CONCLUSIONS - Altogether, these data suggest that G724S is an allele-specific resistance mutation emerging in the context of Ex19Del but not L858R. Our results fundamentally reframe the problem of targeted therapy resistance from one focused on the "drug-resistance mutation" pair to one focused on the "activating mutation-drug-resistance mutation" trio. This has broad implications across clinical oncology.
©2019 American Association for Cancer Research.
Despite of the great success of imatinib as the first-line treatment for GISTs, the majority of patients will develop drug-acquired resistance due to secondary mutations in the cKIT kinase. Sunitinib and regorafenib have been approved as the second and third line therapies to overcome some of these drug-resistance mutations; however, their limited clinical response, toxicity and resistance of the activation loop mutants still makes new therapies bearing different cKIT mutants activity spectrum profile highly demanded. Through a drug repositioning approach, we found that cabozantinib exhibited higher potency than imatinib against primary gain-of-function mutations of cKIT. Moreover, cabozantinib was able to overcome cKIT gatekeeper T670I mutation and the activation loop mutations that are resistant to imatinib or sunitinib. Cabozantinib demonstrated good efficacy in vitro and in vivo in the cKIT mutant-driven preclinical models of GISTs while displaying a long-lasting effect after treatment withdrawal. Furthermore, it also exhibited dose-dependent anti-proliferative efficacy in the GIST patient derived primary cells. Considering clinical safety and PK profile of cabozantinib, this report provides the basis for the future clinical applications of cabozantinib as an alternative anti-GISTs therapy in precision medicine.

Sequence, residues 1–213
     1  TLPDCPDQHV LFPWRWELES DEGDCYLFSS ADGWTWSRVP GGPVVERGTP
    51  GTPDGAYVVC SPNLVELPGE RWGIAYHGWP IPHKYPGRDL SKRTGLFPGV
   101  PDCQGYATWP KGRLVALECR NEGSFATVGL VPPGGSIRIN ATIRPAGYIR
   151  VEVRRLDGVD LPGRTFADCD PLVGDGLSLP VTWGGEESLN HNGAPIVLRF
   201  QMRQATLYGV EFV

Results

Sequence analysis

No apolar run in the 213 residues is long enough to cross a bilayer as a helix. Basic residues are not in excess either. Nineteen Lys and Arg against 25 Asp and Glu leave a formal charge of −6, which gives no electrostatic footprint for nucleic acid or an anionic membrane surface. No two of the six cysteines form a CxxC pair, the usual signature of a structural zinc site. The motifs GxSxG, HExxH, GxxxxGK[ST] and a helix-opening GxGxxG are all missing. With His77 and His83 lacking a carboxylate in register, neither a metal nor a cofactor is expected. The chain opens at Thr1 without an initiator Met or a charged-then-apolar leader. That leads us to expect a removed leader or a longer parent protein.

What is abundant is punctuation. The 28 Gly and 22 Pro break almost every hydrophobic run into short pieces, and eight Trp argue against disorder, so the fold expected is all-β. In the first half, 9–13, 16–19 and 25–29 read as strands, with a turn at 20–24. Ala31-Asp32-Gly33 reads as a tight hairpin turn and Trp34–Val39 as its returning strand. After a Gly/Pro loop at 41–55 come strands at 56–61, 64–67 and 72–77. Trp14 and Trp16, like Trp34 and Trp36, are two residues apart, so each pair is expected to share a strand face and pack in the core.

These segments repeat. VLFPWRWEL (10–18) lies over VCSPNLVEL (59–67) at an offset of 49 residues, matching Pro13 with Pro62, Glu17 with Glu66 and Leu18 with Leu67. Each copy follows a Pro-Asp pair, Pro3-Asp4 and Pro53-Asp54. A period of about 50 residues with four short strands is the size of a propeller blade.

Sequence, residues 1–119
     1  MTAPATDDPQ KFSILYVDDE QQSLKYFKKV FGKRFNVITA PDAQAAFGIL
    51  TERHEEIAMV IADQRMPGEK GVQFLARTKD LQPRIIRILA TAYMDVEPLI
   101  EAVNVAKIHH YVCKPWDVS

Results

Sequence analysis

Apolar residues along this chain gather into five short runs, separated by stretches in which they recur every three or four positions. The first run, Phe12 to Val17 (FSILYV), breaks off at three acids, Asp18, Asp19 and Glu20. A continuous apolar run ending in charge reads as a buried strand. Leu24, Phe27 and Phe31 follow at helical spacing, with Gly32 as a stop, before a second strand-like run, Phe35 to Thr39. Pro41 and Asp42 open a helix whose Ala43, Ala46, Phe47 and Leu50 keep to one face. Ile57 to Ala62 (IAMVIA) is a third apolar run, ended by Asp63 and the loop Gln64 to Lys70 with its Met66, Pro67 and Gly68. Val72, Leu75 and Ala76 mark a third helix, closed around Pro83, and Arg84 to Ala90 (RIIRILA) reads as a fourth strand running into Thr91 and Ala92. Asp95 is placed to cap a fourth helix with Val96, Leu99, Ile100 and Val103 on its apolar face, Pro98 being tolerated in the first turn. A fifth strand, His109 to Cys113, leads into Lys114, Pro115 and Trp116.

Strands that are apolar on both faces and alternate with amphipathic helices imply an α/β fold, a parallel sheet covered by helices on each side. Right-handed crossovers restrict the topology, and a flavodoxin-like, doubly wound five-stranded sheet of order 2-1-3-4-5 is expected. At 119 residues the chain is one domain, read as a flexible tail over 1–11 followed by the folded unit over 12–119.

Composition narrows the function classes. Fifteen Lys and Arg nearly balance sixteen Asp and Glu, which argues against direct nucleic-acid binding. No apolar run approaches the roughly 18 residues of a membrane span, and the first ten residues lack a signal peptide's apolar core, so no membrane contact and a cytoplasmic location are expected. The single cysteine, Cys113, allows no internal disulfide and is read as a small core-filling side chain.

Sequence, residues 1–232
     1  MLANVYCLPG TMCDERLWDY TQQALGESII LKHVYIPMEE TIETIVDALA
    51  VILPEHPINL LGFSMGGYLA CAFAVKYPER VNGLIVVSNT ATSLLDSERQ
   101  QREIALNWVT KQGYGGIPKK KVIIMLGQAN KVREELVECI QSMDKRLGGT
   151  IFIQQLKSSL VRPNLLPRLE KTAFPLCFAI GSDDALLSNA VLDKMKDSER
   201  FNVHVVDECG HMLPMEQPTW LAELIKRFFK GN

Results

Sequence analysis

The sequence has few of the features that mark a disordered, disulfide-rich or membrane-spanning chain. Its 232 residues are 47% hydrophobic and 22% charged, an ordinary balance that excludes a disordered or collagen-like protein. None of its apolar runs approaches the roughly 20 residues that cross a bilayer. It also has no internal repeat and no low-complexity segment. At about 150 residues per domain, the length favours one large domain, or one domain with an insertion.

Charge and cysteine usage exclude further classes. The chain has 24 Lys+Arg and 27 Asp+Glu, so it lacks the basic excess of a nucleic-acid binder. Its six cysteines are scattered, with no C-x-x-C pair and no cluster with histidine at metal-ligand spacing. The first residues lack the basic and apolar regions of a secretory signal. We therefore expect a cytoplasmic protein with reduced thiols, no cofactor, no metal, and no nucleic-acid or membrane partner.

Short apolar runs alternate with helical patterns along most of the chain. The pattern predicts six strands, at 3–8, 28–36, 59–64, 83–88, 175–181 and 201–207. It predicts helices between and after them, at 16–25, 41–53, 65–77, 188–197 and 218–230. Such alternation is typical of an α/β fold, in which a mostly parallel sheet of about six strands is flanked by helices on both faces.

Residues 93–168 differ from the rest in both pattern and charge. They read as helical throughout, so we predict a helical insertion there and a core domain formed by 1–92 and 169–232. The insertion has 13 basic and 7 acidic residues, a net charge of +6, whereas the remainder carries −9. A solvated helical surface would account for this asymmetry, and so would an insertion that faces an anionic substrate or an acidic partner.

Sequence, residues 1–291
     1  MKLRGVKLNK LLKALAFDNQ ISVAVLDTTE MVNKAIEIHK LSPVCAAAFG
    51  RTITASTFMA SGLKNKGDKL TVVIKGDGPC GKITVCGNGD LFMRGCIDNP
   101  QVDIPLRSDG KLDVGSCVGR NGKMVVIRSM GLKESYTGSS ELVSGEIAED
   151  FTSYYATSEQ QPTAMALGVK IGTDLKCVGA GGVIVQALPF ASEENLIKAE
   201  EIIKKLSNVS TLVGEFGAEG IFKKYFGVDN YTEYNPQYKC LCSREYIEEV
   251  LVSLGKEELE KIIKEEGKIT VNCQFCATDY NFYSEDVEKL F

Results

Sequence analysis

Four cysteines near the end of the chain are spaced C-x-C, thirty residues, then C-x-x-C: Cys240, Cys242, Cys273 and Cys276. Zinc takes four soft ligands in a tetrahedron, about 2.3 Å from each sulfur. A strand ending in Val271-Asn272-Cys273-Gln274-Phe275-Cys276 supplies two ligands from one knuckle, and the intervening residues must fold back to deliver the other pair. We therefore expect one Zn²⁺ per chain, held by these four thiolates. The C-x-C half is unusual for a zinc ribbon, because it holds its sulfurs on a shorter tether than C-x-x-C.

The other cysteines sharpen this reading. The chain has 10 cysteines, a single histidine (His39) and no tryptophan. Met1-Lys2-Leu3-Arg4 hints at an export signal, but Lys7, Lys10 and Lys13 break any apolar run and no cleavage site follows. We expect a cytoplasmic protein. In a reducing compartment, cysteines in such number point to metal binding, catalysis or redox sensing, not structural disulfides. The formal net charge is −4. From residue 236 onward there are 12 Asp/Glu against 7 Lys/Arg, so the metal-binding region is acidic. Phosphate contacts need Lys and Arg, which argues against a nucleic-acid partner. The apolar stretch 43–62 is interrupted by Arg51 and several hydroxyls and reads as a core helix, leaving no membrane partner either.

Copyright © 2019 Elsevier B.V. All rights reserved.
Ceritinib, an advanced anaplastic lymphoma kinase (ALK) next-generation inhibitor, has been proved excellent antitumor activity in the treatment of ALK-associated cancers. However, the accumulation of acquired resistance mutations compromise the therapeutic efficacy of ceritinib. Despite abundant mutagenesis data, the structural determinants for reduced ceritinib binding in mutants remains elusive. Focusing on the G1123S and F1174C mutations, we applied molecular dynamics (MD) simulations to study possible reasons for drug resistance caused by these mutations. The MD simulations predict that the studied mutations allosterically impact the configurations of the ATP-binding pocket. An important hydrophobic cluster is identified that connects P-loop and the αC-helix, which has effects on stabilizing the conformation of ATP-binding pocket. It is suggested, in this study, that the G1123S and F1174C mutations can induce the conformational change of P-loop thereby causing the reduced ceritinib affinity and causing drug resistance.
© 2019 Wiley Periodicals, Inc.